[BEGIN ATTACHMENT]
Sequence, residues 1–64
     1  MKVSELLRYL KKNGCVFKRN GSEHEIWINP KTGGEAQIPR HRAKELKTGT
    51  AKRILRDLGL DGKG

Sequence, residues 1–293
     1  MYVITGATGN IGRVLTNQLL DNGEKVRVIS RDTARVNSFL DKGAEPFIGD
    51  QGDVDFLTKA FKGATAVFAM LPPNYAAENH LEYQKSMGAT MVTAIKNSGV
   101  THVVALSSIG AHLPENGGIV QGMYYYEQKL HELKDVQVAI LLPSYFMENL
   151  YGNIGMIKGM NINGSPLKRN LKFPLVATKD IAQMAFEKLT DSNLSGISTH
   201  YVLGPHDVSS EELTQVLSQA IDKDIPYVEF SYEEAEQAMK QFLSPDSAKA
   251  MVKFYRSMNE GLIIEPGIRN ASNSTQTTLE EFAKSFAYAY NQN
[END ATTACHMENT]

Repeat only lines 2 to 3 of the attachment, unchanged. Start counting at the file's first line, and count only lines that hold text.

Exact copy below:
     1  MKVSELLRYL KKNGCVFKRN GSEHEIWINP KTGGEAQIPR HRAKELKTGT
    51  AKRILRDLGL DGKG